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Written Question
Visas: British National (Overseas)
22 Dec 2021

Questioner: Marquess of Lothian (CON - Life peer)

Question

To ask Her Majesty's Government how many people from Hong Kong have (1) applied to relocate to the UK under the British Nationals (Overseas) (BNO) visa scheme since January, and (2) arrived in the UK under the BNO visa scheme since January; and what steps they have taken to help such people settle within local communities.

Answered by Baroness Williams of Trafford

(1) The Home Office publishes data on visas and the British National Overseas (BN(O)) route in the ‘Immigration Statistics Quarterly Release’ which can be found on Gov.uk The data relates to the first three quarters of 2021, January to September, and are derived from management information. These statistics include data on main applicants and dependants and some data are rounded to the nearest hundred. Data for Q4 2021 will be published on 24 February 2022. (2) At present it is not possible from the data to say how many of those issued with a visa have arrived in the UK. (3) In April 2021, the Department for Levelling Up, Housing and Communities (DLUHC) launched a new UK-wide Welcome Programme to support Hong Kong British National (Overseas) (BN(O)) status holders with a package worth £43.1 million for this financial year.


Written Question
Rohingya: Refugees
26 Nov 2021

Questioner: Naz Shah (LAB - Bradford West)

Question

To ask the Secretary of State for the Home Department, what assistance her Department is providing to Rohingya families who are settled in Bradford from the UN Gateway Protection Programme to reunite with extended dependants who are residing stateless in refugee camps in Bangladesh.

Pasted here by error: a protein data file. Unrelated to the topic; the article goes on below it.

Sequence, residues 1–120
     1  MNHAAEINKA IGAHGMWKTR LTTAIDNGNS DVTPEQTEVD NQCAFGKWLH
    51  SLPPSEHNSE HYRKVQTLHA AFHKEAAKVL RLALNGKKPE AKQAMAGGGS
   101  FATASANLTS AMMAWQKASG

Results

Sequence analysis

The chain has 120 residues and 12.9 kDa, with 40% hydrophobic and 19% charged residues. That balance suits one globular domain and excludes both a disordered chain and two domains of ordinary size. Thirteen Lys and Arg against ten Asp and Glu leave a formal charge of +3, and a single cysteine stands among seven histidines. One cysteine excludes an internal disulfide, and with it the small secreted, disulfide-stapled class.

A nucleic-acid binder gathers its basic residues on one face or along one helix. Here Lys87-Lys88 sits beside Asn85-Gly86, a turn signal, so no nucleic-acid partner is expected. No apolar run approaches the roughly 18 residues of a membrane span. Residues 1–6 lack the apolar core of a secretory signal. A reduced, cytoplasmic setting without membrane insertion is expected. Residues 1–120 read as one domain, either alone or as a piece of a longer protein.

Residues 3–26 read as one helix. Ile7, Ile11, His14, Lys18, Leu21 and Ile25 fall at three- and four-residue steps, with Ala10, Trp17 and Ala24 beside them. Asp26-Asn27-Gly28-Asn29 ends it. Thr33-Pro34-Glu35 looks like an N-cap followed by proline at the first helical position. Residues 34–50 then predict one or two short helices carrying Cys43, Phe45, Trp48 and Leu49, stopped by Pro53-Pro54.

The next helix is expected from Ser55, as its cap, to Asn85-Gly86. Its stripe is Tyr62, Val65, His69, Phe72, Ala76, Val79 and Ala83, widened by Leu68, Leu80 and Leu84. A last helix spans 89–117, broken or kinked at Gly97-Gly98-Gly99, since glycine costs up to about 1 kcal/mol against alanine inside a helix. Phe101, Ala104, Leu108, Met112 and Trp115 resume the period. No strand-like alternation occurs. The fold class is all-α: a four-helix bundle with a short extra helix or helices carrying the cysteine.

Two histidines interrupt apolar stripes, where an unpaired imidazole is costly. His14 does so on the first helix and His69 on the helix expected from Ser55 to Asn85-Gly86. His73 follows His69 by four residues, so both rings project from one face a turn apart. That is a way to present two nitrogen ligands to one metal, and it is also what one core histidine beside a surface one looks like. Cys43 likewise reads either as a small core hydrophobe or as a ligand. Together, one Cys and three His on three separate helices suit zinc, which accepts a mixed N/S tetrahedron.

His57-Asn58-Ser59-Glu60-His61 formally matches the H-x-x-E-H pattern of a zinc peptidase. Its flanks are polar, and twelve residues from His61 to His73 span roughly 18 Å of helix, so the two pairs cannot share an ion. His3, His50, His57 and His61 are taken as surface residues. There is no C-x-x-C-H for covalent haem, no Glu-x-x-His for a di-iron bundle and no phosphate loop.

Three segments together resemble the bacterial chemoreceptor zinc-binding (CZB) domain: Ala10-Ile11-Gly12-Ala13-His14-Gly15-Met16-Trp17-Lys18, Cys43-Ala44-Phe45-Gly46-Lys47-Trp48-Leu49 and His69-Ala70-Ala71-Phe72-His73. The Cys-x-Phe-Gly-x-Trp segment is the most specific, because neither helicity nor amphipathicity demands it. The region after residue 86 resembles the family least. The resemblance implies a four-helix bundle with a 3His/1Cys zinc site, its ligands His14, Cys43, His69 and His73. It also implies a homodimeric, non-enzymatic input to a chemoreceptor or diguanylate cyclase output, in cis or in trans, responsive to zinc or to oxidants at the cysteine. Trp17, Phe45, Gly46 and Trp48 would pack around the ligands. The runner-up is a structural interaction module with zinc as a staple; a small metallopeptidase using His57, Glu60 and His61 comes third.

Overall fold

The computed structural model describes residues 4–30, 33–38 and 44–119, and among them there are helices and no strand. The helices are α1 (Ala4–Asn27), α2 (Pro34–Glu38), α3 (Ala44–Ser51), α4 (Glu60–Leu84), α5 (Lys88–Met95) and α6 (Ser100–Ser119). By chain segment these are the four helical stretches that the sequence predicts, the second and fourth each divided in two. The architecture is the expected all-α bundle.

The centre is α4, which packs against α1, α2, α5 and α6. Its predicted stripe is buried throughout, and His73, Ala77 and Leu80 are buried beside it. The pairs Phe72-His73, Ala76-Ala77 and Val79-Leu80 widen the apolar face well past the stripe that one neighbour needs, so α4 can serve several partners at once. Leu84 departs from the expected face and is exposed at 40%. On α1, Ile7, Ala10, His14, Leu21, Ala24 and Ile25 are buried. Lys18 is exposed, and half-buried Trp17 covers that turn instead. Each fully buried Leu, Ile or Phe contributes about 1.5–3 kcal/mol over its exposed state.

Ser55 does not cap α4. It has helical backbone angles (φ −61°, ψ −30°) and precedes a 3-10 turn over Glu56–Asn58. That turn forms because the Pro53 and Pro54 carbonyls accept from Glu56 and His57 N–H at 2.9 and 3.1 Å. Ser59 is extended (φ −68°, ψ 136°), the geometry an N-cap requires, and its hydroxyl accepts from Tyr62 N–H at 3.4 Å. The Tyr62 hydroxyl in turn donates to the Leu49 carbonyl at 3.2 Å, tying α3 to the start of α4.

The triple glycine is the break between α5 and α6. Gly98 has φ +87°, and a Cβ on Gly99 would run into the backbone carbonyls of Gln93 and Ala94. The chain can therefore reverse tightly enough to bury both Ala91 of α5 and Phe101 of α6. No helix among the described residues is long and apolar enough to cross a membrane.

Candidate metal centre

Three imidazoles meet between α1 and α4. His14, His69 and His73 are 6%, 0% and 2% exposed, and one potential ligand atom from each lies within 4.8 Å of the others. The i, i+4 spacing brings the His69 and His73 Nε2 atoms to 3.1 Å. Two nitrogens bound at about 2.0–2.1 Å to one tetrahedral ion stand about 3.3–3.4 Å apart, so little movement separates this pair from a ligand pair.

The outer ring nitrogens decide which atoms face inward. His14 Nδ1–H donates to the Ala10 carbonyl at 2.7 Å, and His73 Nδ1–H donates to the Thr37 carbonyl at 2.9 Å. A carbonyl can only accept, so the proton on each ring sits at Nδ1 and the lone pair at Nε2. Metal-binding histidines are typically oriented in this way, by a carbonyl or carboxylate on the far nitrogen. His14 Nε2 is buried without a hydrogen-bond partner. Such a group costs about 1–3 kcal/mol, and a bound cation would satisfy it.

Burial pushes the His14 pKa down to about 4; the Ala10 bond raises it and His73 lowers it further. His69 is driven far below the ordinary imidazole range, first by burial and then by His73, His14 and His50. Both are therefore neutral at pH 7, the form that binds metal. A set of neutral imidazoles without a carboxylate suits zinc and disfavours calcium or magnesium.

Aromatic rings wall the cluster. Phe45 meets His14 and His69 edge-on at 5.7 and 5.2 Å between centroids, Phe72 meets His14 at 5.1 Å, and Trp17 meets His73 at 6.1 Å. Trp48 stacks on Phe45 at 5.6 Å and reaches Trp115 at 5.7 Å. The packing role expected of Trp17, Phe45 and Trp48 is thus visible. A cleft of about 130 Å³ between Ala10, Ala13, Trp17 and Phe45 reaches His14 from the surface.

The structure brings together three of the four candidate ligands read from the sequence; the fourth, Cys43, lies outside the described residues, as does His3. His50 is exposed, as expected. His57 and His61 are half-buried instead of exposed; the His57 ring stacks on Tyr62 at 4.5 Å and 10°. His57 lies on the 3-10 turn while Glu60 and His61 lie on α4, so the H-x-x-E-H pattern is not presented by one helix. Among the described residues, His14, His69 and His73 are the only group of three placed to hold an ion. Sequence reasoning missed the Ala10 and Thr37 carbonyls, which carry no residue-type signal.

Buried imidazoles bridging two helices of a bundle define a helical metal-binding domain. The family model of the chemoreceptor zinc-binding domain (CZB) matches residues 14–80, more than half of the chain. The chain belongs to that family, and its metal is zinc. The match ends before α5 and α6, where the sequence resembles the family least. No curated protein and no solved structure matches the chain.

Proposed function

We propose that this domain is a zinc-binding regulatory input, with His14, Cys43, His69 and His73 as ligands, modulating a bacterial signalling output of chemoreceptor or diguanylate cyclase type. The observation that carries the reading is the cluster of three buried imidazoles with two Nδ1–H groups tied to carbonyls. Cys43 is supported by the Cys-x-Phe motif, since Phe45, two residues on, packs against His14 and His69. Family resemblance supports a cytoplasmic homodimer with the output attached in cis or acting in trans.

Answered by Kevin Foster

The Government already provides a safe and legal route to bring families together through its family reunion policy. This allows a partner and children under 18 of those granted protection in the UK to join them here, if they formed part of the family unit before the sponsor fled their country. Refugees may apply to sponsor family via this route free of charge.

Our policy makes clear there is discretion to grant visas outside the Immigration Rules, which caters for extended family members in exceptional circumstances – including young adult sons or daughters who are dependent on family here and living in dangerous situations.

There are separate provisions in the Rules to allow extended family to sponsor children to come here where there are serious and compelling circumstances.

Refugees can also sponsor adult dependent relatives living overseas to join them where, due to age, illness or disability, the person requires long-term personal care which can only be provided by relatives in the UK.

Refugees who have since gained British citizenship may sponsor family under Appendix FM of the Immigration Rules.


Written Question
Visas: Dependants
25 Nov 2021

Questioner: Rupa Huq (LAB - Ealing Central and Acton)

Question

To ask the Secretary of State for the Home Department, how many people adult dependant visas were applied for in 2020; and how many applications for adult dependant visas were rejected in 2020.